Naive entrepreneurs at risk of losing out to venture capitalists
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Nicolas Brusson and Philippe Botteri met in 2003. They were “two Frenchmen in the Valley”, both having relocated to California for jobs in the tech industry. A friendship was forged over several skiing trips.
In 2007, Mr Brusson announced he was returning to France to co-found BlaBlaCar, a ride-sharing service allowing motorists to offer their spare seats to passengers.
“My first reaction was ‘this is never going to work,’” says Mr Botteri.
But, over the years, Mr Brusson continued to develop the concept. And when in 2011 Mr Botteri joined Accel Partners, one of Europe’s leading venture capital groups, he invested in BlaBlaCar. Today, it is a rare European “unicorn” — a private tech company worth more than $1bn.
“The important part is that I got to know Nicolas over seven years before investing, and getting this trust . . . is really key,” says Mr Botteri. The pair also still enjoy skiing trips together.
There is not always time to build a relationship over such a long period. In the fast-paced world of technology, large sums of capital are required quickly for a start-up to seize a market opportunity.
Funding decisions are therefore more often based on contracts rather than trust. Unfortunately the balance of power in contracts can be heavily weighted in favour of the investor. A venture capitalist is usually far better informed than the twenty-something founder seeking funding for a company.
Unlike new entrepreneurs, VCs know their way around a term sheet, which sets out the investment conditions, and they employ analysts to assess the potential of a start-up compared to similar existing companies.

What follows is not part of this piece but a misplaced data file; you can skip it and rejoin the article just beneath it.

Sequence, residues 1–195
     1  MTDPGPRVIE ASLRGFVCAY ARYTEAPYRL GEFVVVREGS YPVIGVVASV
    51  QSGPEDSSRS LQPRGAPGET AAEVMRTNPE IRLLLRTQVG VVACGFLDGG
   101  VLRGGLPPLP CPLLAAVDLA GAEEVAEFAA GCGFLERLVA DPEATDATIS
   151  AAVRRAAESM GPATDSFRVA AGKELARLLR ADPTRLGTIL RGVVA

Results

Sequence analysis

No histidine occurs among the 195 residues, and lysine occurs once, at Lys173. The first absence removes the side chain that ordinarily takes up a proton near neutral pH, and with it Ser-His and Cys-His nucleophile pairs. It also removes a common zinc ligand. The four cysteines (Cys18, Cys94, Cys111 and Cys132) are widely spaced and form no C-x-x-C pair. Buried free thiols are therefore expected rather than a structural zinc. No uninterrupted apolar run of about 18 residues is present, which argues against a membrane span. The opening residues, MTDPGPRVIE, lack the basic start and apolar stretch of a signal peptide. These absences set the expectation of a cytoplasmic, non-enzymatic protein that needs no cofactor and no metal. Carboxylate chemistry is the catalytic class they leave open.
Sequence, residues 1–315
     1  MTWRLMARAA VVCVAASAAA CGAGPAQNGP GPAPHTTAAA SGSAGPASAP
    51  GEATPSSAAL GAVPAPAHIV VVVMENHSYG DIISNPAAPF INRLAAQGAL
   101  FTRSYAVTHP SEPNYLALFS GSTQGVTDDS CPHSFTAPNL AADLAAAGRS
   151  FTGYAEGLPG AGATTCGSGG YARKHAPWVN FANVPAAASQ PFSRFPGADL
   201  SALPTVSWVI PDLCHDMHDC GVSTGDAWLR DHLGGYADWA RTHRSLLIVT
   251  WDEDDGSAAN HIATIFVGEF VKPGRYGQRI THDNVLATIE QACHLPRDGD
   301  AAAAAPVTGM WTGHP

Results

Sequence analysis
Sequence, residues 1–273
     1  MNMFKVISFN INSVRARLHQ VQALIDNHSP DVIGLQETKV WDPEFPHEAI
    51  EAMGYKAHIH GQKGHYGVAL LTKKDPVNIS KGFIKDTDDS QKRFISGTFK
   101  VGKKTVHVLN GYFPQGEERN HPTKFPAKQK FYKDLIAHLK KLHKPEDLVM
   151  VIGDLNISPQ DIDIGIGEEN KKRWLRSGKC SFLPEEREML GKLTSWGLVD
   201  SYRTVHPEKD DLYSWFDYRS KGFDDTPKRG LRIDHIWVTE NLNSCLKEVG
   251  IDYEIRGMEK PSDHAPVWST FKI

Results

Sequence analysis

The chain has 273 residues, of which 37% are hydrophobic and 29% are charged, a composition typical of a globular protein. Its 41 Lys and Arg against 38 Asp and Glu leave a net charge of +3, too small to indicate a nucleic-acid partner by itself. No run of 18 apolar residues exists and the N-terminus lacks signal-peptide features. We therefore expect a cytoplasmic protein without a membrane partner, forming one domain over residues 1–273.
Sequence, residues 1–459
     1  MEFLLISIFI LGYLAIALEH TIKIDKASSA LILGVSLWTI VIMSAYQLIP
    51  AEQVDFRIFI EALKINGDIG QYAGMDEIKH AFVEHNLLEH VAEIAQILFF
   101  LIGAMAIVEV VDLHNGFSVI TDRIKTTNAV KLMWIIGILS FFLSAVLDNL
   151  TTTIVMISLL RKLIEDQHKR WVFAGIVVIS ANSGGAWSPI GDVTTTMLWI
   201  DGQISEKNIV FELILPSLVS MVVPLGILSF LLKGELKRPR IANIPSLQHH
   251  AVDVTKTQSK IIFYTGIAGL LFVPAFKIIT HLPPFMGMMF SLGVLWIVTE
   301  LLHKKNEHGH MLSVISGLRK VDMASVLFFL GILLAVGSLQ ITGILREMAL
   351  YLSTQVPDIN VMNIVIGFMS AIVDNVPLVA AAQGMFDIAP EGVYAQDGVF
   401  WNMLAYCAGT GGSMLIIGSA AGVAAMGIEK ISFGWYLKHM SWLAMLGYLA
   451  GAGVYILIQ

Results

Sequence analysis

Experienced investors say it is folly to use this knowledge to exploit entrepreneurs by, for example, demanding too much equity in a business or insisting on outrageously advantageous terms.
Tech investors are laying bets that will take years, if not decades, to pay off. To achieve healthy returns, investor and entrepreneur must work in a long-term partnership. But it is also folly to believe investors never try to pull a fast one.
Juan Lobato, a prolific angel investor and co-founder of London-based fintech group Ebury, said recently that he often sees cunning investors insist on funding terms, such as preferential share classes and priority liquidation rights, that prey on inexperienced founders’ naivety.
The desire to be a unicorn is making the problem worse. Entrepreneurs aim to raise huge sums and push to gain a headline valuation of over $1bn quickly so they can join this mythical club.
But, as the FT reported recently, such funding deals are increasingly structured with heavy investor protections. In effect these provide VCs with guaranteed returns and a degree of protection against any losses.
If a start-up grows into its high valuation, all will benefit. However there are already signs that high-profile companies such as Square, Dropbox and Snapchat are struggling to live up to their large valuations.
In such cases, those who lose out most are likely to be the entrepreneurs and early employees, who will see their stakes increasingly diluted.